The latest in my ‘Learn Something New Every Day’ series – taken from The Great Courses’ “Trails of Evidence: How Forensic Science Works” (Lecture 29: Forensic Psychology & Psychiatry)
There are four kinds of Deception seen in forensic psychology/psychiatry
- MALINGERING (simulation) – when someone consciously fakes a mental illness to get treated differently under the law. Malingerers tend to pick a ‘charismatic’ or well-known mental illness (PTSD, multiple personality disorder) and will often go over the top in faking the symptoms to be convincing.
- DEFENSIVENESS (Dissimulation) when a defendant with a mental illness consciously professes not to have one.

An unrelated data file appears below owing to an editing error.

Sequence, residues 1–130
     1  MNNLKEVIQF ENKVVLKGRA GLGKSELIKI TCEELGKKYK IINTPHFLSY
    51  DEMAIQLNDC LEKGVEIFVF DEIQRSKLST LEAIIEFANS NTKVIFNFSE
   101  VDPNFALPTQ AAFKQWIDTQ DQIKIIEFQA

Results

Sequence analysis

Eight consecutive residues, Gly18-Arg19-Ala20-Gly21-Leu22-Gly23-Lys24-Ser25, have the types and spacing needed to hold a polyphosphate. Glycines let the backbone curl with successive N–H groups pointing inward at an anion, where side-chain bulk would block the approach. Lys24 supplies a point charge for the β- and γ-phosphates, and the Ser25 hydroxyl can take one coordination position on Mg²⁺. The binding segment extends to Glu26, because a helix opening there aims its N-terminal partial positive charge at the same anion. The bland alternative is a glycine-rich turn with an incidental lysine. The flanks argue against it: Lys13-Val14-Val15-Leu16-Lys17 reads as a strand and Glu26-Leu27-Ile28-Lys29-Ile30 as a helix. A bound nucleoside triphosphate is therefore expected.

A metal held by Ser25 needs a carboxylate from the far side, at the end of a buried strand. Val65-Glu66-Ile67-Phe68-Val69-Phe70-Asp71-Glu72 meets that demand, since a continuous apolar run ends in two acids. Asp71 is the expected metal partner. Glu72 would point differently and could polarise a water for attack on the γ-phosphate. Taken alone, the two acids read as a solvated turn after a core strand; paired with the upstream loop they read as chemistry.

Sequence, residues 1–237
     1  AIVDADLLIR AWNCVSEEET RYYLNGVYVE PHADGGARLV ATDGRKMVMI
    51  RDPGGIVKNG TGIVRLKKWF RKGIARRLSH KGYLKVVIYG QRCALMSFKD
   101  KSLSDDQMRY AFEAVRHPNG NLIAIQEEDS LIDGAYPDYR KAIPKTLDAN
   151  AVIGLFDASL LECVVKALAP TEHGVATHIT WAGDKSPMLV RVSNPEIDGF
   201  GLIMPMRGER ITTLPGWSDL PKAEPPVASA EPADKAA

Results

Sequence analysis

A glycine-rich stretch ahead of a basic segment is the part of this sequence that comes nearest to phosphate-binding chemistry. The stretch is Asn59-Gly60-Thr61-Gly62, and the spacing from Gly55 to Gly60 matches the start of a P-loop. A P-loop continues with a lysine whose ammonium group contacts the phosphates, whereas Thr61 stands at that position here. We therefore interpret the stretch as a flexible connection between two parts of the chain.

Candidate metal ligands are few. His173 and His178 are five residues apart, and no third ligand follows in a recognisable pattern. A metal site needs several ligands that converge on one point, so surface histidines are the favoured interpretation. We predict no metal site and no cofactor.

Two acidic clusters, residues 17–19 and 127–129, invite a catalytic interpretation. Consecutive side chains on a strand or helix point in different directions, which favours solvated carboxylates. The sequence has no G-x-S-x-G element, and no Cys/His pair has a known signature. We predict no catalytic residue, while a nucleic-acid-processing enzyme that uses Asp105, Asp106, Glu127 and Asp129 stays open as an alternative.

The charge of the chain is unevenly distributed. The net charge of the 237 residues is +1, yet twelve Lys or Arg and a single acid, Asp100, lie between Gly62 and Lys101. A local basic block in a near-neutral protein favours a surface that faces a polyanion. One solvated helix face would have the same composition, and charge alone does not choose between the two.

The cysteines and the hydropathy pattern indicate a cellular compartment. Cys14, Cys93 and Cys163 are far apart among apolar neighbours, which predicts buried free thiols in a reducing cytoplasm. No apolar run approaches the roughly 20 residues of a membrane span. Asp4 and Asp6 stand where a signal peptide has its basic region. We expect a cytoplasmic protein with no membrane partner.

- PSEUDO-MALINGERING – when a defendant with a mental illness will pretend to have a different mental illness to be treated differently under the law. That person often doesn’t realise they already have a mental illness.
- LYING – straight out old fashioned deception to big-note, downplay, change the facts, confuse the jury or save their butt. Tailored to the concept of ‘reasonable doubt’.